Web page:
This may sound odd coming from a sugarphile, but I don’t usually order dessert when eating out. I eat so many sweets at work and at home as it is, I feel like it has to be really worth it for me to spend my dining-out calories on more dessert.
But when the husband and I were having lunch at Fraiche in Santa Monica this past week, I abandoned my anti-dessert stance and suggested we split a dessert. (By the way, lunch was fantastic and Friache is highly recommended to any fellow Angelenos.) Inspired partially by coconut month, we decided to order the Milk Chocolate Cremeux with Coconut Sorbet, Browned Butter Ganache and Candied Pecans.
I also forgave her for saying “That was fast!” with more than a touch of condescension when she came to clear away our plates. I wanted to say, “Listen lady, I had to share this weensy square of crque-mruouuouo with a man affectionately known around my house as “the ravenous ravenous rhino,” whose arms are twice the length of mine and who possesses an uncanny knack for asking a question just to get me talking while he shovels in as much dessert as he possibly can in the 5-10 seconds I spend answering it. The speed of my eating this dessert is not greed so much as a legitimate concern for self, thank you.” Instead, my snark was mellowed by a belly full of dessert, so I simply said “It was great!” in a fake chirpy voice.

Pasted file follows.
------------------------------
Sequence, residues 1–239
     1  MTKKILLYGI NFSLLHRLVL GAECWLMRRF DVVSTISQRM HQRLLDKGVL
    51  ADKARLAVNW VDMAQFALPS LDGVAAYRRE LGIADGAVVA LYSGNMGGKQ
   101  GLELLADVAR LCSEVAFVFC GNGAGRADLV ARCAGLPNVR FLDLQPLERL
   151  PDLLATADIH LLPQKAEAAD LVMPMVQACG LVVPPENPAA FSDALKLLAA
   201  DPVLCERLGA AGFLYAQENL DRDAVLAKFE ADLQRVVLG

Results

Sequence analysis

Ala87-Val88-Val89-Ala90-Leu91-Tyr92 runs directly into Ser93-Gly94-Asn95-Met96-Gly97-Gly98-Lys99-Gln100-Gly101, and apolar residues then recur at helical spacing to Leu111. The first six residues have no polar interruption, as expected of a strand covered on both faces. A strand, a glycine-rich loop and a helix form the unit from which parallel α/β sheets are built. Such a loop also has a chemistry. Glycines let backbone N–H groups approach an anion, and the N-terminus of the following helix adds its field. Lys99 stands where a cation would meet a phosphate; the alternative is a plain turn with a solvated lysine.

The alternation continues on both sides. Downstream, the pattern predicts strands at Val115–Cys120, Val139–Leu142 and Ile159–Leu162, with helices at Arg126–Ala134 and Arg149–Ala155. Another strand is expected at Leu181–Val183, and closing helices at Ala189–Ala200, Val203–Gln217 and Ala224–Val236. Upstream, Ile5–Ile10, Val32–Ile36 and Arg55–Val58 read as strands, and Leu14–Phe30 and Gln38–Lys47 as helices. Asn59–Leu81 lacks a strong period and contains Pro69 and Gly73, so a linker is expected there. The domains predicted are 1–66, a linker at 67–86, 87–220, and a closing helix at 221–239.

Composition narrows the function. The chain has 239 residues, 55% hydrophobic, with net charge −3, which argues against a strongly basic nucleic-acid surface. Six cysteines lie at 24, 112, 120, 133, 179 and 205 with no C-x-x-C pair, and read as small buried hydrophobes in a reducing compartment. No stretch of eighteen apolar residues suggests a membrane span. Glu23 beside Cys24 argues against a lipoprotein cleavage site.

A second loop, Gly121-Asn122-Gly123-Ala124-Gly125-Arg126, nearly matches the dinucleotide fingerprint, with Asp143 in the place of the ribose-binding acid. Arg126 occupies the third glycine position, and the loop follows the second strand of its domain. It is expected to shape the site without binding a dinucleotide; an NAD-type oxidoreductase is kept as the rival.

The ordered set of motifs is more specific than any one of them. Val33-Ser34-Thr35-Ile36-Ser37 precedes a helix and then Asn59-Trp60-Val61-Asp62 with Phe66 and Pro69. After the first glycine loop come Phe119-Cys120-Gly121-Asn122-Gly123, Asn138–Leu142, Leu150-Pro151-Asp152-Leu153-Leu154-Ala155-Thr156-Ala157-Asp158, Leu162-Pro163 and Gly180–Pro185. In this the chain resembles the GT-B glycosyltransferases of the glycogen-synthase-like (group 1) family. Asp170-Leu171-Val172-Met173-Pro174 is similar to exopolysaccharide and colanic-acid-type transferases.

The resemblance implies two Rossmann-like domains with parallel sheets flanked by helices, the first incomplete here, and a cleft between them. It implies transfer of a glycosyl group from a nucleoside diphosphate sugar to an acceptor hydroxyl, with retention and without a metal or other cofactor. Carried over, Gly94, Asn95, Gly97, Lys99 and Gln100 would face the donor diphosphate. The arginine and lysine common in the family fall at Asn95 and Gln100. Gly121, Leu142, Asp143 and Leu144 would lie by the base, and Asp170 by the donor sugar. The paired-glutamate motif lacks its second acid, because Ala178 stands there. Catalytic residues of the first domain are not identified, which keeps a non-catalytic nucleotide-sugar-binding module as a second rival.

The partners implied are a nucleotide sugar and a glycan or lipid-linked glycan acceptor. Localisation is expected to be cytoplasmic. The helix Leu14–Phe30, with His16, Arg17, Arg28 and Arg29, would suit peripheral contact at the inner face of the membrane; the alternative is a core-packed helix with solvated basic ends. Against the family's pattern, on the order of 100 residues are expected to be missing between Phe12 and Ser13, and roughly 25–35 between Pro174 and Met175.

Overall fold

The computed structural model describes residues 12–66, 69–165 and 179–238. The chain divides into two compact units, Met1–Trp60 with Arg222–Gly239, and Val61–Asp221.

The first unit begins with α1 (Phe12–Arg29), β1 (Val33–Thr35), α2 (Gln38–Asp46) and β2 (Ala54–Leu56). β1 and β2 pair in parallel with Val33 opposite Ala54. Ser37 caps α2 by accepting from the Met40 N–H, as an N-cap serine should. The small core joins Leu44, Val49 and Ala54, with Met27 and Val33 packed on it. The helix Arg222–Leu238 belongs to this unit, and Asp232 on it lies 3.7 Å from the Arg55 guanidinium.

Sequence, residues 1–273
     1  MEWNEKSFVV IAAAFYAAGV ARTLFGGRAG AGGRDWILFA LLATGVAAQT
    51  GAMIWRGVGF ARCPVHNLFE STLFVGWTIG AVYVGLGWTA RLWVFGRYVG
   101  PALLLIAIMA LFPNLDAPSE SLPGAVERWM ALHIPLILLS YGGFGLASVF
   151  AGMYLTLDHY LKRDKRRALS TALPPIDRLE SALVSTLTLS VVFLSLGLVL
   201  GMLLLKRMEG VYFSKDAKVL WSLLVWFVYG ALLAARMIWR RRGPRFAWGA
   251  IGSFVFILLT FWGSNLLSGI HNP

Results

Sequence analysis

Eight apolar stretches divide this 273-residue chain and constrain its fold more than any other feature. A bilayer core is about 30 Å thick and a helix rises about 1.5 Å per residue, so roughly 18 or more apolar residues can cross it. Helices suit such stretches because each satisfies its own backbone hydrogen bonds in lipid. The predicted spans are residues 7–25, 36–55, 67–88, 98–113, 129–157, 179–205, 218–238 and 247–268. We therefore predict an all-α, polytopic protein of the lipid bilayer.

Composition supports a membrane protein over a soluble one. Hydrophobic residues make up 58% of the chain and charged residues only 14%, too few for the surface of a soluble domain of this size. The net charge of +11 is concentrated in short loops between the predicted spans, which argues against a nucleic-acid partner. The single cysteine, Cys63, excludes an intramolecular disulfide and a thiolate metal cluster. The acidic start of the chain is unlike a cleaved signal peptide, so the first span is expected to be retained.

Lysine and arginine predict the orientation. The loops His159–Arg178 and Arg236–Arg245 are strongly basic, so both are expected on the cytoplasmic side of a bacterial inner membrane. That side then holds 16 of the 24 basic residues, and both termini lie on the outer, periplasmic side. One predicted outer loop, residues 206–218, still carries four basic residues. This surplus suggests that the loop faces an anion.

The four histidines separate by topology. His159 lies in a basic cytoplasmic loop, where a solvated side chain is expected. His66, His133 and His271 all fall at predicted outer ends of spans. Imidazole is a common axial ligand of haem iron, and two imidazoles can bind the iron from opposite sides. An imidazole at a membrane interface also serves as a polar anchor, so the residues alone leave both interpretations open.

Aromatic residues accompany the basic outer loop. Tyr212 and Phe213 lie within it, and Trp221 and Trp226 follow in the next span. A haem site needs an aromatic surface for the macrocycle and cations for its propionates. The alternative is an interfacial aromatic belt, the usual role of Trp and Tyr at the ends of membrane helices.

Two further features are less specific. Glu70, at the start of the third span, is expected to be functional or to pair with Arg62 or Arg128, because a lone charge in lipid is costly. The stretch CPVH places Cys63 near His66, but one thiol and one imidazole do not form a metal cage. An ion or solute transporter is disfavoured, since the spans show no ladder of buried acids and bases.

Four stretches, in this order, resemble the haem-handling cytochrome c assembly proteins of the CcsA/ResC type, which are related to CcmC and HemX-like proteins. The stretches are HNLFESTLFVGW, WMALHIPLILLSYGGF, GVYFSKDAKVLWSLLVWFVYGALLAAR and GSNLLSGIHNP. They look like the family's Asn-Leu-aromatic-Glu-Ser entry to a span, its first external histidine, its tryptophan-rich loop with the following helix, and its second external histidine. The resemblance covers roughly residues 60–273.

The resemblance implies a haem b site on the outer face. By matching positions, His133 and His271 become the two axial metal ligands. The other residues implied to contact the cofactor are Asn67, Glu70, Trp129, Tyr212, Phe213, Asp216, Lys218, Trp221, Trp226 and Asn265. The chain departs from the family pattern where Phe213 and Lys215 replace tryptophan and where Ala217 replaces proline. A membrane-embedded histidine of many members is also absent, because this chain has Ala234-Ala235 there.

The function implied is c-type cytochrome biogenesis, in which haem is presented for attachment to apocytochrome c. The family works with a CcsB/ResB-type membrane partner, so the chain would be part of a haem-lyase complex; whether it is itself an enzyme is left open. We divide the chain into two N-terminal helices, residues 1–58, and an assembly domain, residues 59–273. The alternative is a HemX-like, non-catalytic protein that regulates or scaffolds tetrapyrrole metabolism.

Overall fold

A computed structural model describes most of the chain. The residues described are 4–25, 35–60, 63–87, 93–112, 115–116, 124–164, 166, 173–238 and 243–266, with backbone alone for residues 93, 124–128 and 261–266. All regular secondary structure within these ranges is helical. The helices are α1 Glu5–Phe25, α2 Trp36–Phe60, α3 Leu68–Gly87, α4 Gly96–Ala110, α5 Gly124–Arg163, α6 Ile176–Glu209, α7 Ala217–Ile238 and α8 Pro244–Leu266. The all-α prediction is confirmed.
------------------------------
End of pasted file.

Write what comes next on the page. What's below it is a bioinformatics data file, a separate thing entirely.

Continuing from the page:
I liked this dessert so much, I decided to recreate it when I got home. The basic elements were: the milk chocolate cremeux, a creamy mousse-like dessert with perhaps a bit more body than your standard mousse. What was special about it was that it really didn’t seem sweet at all–it had a smooth chocolate flavor but none of the cloying sweetness of so many milk chocolate desserts. The coconut sorbet brought the sweetness with a smooth, light texture. I substituted candied walnuts for pecans (what I had on hand) and created a crispy chocolate topping to go with it–Fraiche’s version had slivered chocolate that added some texture and crunch. I omitted the browned butter ganache, which looked like sad spaghetti strands on the plate and which didn’t add much to the dish for my taste.
Success! We thought the recreation tasted very similar to the original, and it reminded us of how awesome this dessert was in the first place. The best part is that everything was really easy to make. The cremeux comes together in about 15 minutes, then just requires a little freezing until it is firm enough to cut and plate. The sorbet is a no-cook recipe that needs a few minutes in an ice cream maker to freeze, and the toppings are literally 5 minutes each. I had it all made and photographed in the space of a morning.
This experience also reminded me how useful it can be to order dessert out sometimes–it gives me new ideas, exposes me to new recipes and flavor combinations, and just recharges the creative batteries. And now we have a great new recipe for our next dinner party–no snooty waitstaff required.
- ¾ tsp powdered gelatin (or 1 gelatin sheet)
- 159 g milk (I used 1%)
- 102 g milk chocolate, chopped
- 24 g dark chocolate (70%), chopped